New method of “harvesting” energy from shock absorbers
24 October 2016
Boosting the fuel efficiency of motor vehicles by “harvesting” the energy generated by their shock absorbers has become a major goal in automotive engineering.
Now, a University of Huddersfield researcher has made a breakthrough by designing a new system and constructing a prototype that is ready for real-world testing.
Ruichen Wang carried out the project to obtain his doctorate at the University and has published his findings. The article, in the journal Energies, is titled Modelling, Testing and Analysis of a Regenerative Hydraulic Shock System. It provides a summary of current progress in the field of vehicle energy harvesting and a detailed account of the theory and the practical development of his device, designed for installation in a heavy good vehicle.
Considerable work has already been done harvesting energy from brake systems, so Dr Wang decided to focus on the suspension.
After working on the mathematics, computational analysis and design of his device, Dr Wang personally constructed his full-size, ready-to-test prototype.
Harvested energy can be used for any auxiliary purpose in a vehicle, said Professor Ball, and in hybrids it could recharge the electric motor.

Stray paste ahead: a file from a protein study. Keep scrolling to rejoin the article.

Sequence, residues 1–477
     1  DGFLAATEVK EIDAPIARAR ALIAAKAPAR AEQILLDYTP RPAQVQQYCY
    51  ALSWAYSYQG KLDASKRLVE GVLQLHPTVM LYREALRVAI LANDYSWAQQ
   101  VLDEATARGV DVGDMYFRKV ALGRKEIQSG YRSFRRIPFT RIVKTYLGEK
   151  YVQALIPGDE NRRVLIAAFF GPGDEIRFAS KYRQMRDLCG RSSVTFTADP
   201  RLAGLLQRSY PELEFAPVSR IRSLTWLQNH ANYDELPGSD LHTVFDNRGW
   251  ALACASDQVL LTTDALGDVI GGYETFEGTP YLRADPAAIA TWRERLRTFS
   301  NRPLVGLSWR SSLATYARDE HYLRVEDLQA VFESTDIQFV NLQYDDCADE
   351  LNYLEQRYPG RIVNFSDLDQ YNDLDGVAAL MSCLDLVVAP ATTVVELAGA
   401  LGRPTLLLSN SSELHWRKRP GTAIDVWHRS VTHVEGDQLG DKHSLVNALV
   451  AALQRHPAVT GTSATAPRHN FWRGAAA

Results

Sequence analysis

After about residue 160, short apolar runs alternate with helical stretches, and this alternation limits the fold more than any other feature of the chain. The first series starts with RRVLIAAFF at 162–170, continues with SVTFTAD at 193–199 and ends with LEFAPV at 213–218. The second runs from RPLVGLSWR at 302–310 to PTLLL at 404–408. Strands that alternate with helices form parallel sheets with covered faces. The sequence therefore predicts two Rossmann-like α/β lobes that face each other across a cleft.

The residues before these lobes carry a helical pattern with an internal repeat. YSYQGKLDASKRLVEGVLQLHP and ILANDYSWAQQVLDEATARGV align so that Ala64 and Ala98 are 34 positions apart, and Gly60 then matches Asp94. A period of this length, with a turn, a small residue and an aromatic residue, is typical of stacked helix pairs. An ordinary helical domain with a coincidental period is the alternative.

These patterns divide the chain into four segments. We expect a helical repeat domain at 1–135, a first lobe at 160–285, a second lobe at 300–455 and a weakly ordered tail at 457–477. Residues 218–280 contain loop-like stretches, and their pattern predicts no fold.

The next stage is to work with an industrial partner to install and test Dr Wang’s system in a road-going vehicle. But the technology has a wide application and there is every possibility that it could be adapted for rail vehicles – especially as Dr Wang has taken up a full-time research post at the University of Huddersfield’s Institute of Railway Research (IRR).
Dr Paul Allen, who leads the IRR’s Centre for Innovation in Rail, explains: “We are now exploring how Dr Wang’s energy harvesting and modelling techniques can be applied to developing low-cost self-health monitoring dampers for railway vehicles, a project which already has two industrial partners.”